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def search
  @job_posts = JobPost.search_generic(params[:q]).page params[:page]
  render :index
end

Rails Patterns: Builders and Models

A huge problem with ruby on rails apps is many of them end with overly cluttered models and controller methods. An attempt to solve this would be to move what you can to your active record models, but then you end up with heavily bloated model classes that extend way beyond their intended active record design patterns. Active record models should just manage the communication between the rails app and the database. Anything else is just code smell.

In all of my experience with rails projects, I found that my active record models typically ended up having a group of methods that helped me create the model itself (think when you create a user, you also need to create a user_profile or if you want to find or create a model).

Builders

You can easily break this type of code away from the model by following a builder pattern. Builder patterns are great for creating objects with business logic based on given parameters. It adds an easy way to add business logic to model creation without adding bloat to your active record model class.

To follow this pattern, create a directory called builders in the /models directory.

Here is an example of my user class before and after a refactor with the builder pattern.

before:

user.rb
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  def self.create_admin_user email, password
    user = User.find_or_create_by email: email, password: password
    user.add_role :admin
  end

  def self.create_staff_user email, password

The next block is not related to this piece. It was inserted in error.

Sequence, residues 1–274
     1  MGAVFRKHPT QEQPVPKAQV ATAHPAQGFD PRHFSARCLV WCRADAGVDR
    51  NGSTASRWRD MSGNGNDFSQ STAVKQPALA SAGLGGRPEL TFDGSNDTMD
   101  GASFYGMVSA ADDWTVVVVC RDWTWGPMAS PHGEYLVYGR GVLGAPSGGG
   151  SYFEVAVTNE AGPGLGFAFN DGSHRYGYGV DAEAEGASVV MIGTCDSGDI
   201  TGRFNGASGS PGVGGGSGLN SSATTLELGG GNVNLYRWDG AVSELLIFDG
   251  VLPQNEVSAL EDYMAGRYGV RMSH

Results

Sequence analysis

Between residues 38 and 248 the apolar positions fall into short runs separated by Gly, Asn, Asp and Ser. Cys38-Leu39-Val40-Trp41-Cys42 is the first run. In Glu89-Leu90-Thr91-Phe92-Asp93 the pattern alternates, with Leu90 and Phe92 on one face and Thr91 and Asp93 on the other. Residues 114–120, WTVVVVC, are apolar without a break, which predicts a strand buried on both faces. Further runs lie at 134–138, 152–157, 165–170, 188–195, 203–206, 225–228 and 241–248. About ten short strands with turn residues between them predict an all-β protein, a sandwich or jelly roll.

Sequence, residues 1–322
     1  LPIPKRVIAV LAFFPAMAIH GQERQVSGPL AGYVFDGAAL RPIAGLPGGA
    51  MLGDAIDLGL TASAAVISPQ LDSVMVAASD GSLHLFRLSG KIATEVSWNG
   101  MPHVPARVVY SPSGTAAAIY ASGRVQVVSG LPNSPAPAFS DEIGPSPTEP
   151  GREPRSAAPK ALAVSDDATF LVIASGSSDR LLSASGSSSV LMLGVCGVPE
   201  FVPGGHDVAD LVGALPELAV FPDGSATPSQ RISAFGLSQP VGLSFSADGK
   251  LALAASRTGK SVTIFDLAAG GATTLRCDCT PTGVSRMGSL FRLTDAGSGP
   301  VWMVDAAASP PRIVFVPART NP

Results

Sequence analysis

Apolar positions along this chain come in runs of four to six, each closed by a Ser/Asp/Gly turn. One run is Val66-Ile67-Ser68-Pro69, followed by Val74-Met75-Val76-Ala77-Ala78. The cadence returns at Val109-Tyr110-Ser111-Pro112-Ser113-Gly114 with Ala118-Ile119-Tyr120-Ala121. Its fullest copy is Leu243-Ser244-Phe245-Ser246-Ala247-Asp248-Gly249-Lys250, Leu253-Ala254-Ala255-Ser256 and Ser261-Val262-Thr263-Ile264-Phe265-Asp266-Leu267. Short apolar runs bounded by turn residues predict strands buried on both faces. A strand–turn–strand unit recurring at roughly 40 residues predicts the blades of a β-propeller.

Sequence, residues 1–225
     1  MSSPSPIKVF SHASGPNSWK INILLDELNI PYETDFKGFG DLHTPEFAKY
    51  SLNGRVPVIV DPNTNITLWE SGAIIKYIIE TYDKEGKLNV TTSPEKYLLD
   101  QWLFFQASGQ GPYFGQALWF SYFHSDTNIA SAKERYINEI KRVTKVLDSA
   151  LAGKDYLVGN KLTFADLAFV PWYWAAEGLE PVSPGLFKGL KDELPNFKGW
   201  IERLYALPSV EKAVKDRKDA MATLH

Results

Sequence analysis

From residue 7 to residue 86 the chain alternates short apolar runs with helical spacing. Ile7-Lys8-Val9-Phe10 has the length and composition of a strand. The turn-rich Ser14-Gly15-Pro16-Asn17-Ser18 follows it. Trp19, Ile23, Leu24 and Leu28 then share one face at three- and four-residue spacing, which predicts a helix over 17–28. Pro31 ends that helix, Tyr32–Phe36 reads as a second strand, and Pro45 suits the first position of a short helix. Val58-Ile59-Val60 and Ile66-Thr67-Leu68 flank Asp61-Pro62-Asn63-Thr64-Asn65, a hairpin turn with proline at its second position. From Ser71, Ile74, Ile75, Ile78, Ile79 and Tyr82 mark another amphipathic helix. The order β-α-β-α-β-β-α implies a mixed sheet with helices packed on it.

user = User.find_or_create_by email: email, password: password
    user.add_role :staff
  end

  def self.create_user_with_invite email, password
    user = User.find_or_create_by email: email, password: password
    user.send_invitation
  end

after:

user.rb
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  # nothing to see here
/builders/user_builder.rb
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  class Builders::UserBuilder
    def self.create_admin_user email, password
      user = User.find_or_create_by email: email, password: password
      user.add_role :admin
    end

    def self.create_staff_user email, password
      user = User.find_or_create_by email: email, password: password
      user.add_role :staff
    end

    def self.create_user_with_invite email, password
      user = User.find_or_create_by email: email, password: password
      user.send_invitation
    end
  end

Non-AR models

Models also can get bloated with controller-like actions that have groups of methods that should be broken out into their own classes that the controllers will leverage. An example of this type of class would be one that manages to send an email to a user. These models don’t extend active record, because they focus is performing business logic on active_record models, not storing them in the database. Models take in a limited scope of the Params of a request, perform their function, and then return their results to the controller.

Before breaking out email sending, active record models would end up with a collection of email sending methods (send_password_reset, send_notification, etc). All of these should be moved to a model classes because classes have one purpose and active record models are for Savin data, not sending emails.

An example of this could be:

user_invitor.rb
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  class UserInvitor
    def invite_email email
      Invitation.create email: email
      UserMailer.invite_email(email).deliver_later
    end
  end